Notes on Jaws

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  • Topic: Attack, Attack!, Boy
  • Pages : 2 (449 words )
  • Download(s) : 95
  • Published : February 13, 2013
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Characters in the film
Chrissie, the first victim is different to everyone else because she almost deserved the attack because it was her own fault. She was drunk at a party and about to have sex with a random guy who she didn’t even know the name of. The boyd was ringing which indicated the fact that there was something in the water- evidently a shark. Subsequently, because she was drunk she could not hear this and the boy was to focused on running over to Chrissie that he was also oblivious to the important indication. Alex is a young boy with an older mother who says ‘just 10 more minutes’ for him staying in the water, if she had not said that and not let him go, he would still be alive. Contrasting two extremes, a large, meaty lady walked past Alex on the opening scene; straight away it strikes you how skinny Alex looks. Speilberg has done this so you think ‘Why was Alex eaten?’ when there were better people the shark could of picked. Another contrast demonstrated by Speilberg was that Alex’s mother was shouting ‘Alex, Alex, Alex’. She knew who her son was, very well, yet the first attack the boy who was the only one who could have potentially saved the victim had to ask for her name. This illustrates how different the two attacks were.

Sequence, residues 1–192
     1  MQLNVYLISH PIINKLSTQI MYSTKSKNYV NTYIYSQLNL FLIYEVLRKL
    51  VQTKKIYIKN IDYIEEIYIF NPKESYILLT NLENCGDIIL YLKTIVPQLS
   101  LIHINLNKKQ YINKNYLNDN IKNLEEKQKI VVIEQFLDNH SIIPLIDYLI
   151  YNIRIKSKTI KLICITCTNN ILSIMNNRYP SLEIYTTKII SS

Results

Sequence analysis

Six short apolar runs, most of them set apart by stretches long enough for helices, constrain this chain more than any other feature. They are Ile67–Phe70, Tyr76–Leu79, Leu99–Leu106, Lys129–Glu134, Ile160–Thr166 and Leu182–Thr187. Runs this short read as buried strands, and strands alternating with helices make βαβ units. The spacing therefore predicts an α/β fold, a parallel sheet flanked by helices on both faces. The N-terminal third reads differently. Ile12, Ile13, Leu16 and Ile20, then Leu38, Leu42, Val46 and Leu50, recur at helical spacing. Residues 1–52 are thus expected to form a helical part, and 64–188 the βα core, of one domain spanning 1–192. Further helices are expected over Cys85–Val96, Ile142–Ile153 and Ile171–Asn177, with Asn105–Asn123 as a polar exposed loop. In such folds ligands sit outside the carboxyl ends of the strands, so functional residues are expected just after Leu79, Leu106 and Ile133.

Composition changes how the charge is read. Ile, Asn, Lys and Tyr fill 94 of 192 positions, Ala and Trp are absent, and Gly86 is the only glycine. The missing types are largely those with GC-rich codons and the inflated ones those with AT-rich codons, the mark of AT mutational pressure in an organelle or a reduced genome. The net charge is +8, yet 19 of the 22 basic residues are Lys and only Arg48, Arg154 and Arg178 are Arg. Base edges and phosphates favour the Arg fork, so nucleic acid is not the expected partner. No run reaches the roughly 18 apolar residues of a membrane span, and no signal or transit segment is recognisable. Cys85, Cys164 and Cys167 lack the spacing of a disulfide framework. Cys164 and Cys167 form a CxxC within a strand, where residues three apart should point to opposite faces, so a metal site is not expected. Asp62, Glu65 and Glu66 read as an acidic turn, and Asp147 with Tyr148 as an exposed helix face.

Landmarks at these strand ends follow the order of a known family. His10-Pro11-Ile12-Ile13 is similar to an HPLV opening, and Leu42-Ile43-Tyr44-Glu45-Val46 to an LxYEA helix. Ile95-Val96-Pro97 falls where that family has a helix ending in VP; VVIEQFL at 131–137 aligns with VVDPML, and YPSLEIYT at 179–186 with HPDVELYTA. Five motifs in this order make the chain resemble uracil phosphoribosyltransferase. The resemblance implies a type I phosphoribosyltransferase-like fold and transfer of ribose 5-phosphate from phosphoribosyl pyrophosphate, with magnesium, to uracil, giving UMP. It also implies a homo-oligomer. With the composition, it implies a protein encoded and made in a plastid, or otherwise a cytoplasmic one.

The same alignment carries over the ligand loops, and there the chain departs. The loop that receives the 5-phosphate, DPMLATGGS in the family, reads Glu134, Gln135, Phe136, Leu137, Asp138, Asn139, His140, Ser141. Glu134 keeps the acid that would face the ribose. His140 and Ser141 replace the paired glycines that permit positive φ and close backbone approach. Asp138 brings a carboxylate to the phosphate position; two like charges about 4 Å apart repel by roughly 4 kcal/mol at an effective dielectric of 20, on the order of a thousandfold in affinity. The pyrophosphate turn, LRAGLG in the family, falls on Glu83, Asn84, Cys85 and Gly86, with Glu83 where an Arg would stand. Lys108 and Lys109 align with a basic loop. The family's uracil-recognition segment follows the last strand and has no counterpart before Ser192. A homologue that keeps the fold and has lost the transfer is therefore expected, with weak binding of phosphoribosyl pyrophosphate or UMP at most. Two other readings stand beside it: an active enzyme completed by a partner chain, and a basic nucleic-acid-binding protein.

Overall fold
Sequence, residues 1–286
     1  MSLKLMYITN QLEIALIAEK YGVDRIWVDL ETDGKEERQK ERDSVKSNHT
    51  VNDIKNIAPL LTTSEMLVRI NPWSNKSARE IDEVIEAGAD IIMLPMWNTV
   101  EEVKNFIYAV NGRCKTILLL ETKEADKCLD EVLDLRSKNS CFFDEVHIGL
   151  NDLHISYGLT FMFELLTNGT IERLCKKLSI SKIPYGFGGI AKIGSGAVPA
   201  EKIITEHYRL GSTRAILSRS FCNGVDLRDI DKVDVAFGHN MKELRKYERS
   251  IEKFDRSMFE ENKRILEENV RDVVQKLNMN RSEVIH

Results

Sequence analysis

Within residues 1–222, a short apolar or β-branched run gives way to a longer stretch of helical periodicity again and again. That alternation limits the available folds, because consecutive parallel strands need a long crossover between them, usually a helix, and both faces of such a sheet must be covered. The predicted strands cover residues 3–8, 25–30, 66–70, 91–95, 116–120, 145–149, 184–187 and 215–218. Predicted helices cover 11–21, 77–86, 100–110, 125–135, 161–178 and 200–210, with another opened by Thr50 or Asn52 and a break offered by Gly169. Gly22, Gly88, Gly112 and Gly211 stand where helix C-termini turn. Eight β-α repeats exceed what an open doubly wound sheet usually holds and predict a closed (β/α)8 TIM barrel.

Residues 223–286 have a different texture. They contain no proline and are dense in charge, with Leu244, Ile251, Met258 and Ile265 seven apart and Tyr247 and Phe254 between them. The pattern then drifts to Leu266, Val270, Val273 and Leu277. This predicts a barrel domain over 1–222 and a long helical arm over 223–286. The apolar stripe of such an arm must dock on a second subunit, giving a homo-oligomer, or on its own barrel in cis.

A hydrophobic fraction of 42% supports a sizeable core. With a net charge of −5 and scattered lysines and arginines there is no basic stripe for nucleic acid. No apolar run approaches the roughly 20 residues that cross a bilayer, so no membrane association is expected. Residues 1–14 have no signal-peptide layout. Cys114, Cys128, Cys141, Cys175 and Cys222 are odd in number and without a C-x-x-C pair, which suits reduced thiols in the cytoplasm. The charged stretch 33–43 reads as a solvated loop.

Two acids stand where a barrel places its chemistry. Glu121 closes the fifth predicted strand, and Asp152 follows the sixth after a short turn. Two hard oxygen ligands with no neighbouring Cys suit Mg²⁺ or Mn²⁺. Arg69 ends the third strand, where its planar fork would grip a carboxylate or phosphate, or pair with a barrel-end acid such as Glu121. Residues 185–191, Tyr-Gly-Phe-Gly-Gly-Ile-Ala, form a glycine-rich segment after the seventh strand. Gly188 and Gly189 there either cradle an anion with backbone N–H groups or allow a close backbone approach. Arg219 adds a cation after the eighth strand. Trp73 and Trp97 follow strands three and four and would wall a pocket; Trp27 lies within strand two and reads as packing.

False/Fake alerts
Screaming makes you alert and suddenly aware of what is happening. Another technique Speilberg uses to catch your attention. There are a few fake attacks/alerts which have been proposed in the film of ‘Jaws’. Firstly, just before the first attack a girl in messing around in the water; initially we think it has something to do with the shark and so does chief Brody. Yet we are wrong, by using this technique is builds the audience’s expectations and then confounding what we expect with the reality. By doing so this makes us more aware that something is about to happen and makes us more excited for the real attack that is soon going to creep up on us. Another example of a false alarm is the ‘Sunday lunch...
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